In FIG. 14, the rigid layer 50 and the optional oxide layer 52 are formed as discussed above. Then, in FIG. 15, a thermal anneal is performed to activate implanted dopants and to crystallize amorphous silicon. Again, the anneal temperature may be in the range of, for example, 700C to 1100C. Note that only the NFET gate poly 22 becomes compressively stressed because the PFET gate 20 did not contain amorphous state material that was within the gate 22. Then, in FIG. 16, the rigid film 50 and optional oxide film 52 are removed and the wafer is ready for salicidation, as discussed above.

FIG. 17 shows the first embodiment in flow chart form. More specifically, in item 170 the method forms different (e.g., opposite) types of transistors such as N-type metal oxide semiconductor (NMOS) transistors and P-type metal oxide semiconductor (PMOS) transistors (first and second type transistors) on a substrate. In item 172, the invention forms an optional oxide layer on the NMOS transistors and the PMOS transistors and then covers the NMOS transistors and the PMOS transistors with a rigid material such as a silicon nitride layer in item 174. Following this, the invention patterns portions of the rigid layer in item 176, such that the rigid layer remains only over the NMOS transistors. Next, the invention heats the NMOS transistors in item 178 and then removes the remaining portions of the rigid layer in item 180.

In the second embodiment shown in flow chart form in FIG. 18, the invention again forms N-type metal oxide semiconductor (NMOS) transistors and P-type metal oxide semiconductor (PMOS) transistors on a substrate in item 190. However, in this embodiment, the invention first protects the NMOS transistors in item 192 and then implants ions into the PMOS transistors to amorphisize the PMOS transistors in item 194. Then, the invention performs an annealing process to crystallize the PMOS transistors in item 196. After this, the invention protects the PMOS transistors with a mask in item 198 before implanting ions into the NMOS transistors in item 200. Then, both the NMOS transistors and the PMOS transistors are covered with a rigid layer in item 202 and the NMOS transistors and the PMOS transistors are heated in item 204. During this heating process, the rigid layer prevents the gate of the NMOS transistors from expanding which creates compressive stress within the gates of the NMOS transistors. Again, this compressive stress within the gates of the NMOS transistors causes tensile stress within the channel regions of the NMOS transistors. After this, the rigid layer is removed in item 206 and the remaining structures of the transistor are completed in item 208.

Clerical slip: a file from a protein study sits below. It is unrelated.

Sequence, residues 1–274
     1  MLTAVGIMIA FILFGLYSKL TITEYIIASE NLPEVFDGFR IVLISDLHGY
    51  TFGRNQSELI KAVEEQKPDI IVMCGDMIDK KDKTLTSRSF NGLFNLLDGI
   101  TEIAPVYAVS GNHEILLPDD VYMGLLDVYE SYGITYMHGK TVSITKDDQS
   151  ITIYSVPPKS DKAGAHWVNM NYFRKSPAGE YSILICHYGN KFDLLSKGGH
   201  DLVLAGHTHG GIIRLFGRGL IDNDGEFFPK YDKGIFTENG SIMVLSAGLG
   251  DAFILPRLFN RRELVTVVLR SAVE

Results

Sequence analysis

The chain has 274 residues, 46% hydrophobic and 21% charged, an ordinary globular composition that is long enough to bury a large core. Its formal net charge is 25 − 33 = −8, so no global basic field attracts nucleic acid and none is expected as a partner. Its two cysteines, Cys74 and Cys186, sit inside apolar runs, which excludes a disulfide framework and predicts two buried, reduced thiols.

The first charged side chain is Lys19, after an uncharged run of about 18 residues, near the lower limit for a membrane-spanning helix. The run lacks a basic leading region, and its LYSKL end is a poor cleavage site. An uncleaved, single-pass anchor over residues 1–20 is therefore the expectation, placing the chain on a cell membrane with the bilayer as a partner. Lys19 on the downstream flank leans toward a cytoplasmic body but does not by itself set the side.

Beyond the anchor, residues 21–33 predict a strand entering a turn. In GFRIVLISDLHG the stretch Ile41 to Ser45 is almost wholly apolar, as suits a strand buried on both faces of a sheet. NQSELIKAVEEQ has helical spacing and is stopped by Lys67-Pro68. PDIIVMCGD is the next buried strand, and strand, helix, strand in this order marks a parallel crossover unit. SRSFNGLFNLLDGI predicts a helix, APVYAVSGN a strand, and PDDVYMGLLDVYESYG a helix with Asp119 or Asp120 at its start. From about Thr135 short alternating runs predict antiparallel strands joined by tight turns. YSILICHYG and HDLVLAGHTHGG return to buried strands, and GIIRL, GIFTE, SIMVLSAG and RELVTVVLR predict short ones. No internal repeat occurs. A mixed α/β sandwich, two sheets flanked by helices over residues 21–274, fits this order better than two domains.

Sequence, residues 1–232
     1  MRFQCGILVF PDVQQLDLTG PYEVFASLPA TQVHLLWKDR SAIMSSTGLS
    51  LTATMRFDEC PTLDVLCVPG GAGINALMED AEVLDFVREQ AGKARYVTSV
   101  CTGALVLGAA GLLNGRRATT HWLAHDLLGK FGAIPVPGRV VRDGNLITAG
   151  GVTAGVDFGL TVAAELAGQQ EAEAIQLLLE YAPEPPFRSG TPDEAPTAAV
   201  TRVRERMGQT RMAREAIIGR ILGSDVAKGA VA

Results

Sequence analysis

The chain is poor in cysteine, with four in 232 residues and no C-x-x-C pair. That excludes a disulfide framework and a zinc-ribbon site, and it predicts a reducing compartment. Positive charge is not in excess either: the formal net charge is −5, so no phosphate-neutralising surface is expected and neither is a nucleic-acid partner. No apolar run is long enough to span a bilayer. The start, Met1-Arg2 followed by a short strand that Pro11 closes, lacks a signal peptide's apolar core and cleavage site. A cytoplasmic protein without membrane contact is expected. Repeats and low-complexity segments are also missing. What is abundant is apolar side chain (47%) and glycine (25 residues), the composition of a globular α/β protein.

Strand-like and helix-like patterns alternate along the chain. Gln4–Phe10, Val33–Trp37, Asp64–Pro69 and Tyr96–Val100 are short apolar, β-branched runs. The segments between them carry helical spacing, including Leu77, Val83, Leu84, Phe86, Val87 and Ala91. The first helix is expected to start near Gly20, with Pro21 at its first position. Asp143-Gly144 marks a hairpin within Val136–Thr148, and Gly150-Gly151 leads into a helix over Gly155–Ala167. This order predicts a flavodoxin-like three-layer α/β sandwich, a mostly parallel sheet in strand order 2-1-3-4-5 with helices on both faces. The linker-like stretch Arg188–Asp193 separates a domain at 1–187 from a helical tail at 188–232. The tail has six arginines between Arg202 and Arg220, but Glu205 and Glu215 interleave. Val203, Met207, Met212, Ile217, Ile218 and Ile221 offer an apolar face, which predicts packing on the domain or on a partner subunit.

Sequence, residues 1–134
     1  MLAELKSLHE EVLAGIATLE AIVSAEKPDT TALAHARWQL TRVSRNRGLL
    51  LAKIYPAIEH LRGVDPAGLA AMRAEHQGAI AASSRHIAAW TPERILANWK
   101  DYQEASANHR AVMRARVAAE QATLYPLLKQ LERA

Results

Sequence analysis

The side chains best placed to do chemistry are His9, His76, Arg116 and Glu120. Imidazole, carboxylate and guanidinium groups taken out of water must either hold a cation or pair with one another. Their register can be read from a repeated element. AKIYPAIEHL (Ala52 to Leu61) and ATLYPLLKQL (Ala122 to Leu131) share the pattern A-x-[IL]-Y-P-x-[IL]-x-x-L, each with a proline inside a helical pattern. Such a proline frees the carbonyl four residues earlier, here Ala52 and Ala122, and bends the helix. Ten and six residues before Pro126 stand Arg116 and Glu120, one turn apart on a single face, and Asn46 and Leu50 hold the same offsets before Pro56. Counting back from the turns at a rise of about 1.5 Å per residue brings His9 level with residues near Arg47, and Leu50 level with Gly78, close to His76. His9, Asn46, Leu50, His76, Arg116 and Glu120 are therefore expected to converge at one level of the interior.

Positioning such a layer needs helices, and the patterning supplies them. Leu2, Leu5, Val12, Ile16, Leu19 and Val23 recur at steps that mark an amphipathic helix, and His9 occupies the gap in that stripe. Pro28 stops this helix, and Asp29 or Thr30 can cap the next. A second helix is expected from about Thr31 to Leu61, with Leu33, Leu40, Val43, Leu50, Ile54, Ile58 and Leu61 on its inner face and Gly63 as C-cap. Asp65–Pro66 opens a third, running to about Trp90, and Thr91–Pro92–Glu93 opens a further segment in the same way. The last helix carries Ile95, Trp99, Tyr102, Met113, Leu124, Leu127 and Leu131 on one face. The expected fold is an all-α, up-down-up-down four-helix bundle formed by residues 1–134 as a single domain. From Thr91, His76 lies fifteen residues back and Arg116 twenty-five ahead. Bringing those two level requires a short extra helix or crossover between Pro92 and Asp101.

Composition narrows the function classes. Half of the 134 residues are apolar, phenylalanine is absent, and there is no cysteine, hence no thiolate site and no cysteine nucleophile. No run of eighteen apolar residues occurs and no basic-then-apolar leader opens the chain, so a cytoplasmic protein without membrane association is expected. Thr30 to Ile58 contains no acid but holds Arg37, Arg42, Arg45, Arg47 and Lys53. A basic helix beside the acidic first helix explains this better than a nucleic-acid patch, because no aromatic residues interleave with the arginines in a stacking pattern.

The heating process creates compressive stress in the gate, which in turn causes tensile stress in channel regions of transistors that were covered by the silicon nitride layer. Thus, the heating process creates tensile stress in channel regions of the NMOS transistors without causing tensile stress in channel regions of the PMOS transistors. More specifically, during the heating process, volume expansion of gate conductors of the NMOS transistors is restricted, resulting in compressive stress in the gate conductors of the NMOS transistors. The compressive stress in the gate conductors of the NMOS transistors causes tensile stress in channel regions of the NMOS transistors. By creating compressive stress in the gates and tensile stress in the channel regions of the NMOS transistors (NFETs), without creating stress in the gates or channel regions of the PMOS transistors (PFETs), the invention improves performance of the NFETs without degrading performance of the PFETs.